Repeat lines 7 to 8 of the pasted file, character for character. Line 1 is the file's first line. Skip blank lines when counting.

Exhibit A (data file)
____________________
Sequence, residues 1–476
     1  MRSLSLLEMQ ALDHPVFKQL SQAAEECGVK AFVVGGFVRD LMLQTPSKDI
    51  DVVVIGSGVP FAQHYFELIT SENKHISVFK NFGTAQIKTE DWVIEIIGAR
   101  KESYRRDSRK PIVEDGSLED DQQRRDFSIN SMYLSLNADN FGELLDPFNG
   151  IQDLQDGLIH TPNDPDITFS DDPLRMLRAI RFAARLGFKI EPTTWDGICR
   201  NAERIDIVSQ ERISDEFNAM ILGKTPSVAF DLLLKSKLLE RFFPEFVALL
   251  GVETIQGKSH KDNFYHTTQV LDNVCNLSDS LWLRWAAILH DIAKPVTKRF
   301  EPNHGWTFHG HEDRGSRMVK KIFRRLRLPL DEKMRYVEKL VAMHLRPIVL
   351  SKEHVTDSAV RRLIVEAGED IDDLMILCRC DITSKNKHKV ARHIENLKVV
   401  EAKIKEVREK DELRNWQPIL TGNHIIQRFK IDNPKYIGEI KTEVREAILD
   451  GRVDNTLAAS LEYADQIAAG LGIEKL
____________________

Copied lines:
   251  GVETIQGKSH KDNFYHTTQV LDNVCNLSDS LWLRWAAILH DIAKPVTKRF
   301  EPNHGWTFHG HEDRGSRMVK KIFRRLRLPL DEKMRYVEKL VAMHLRPIVL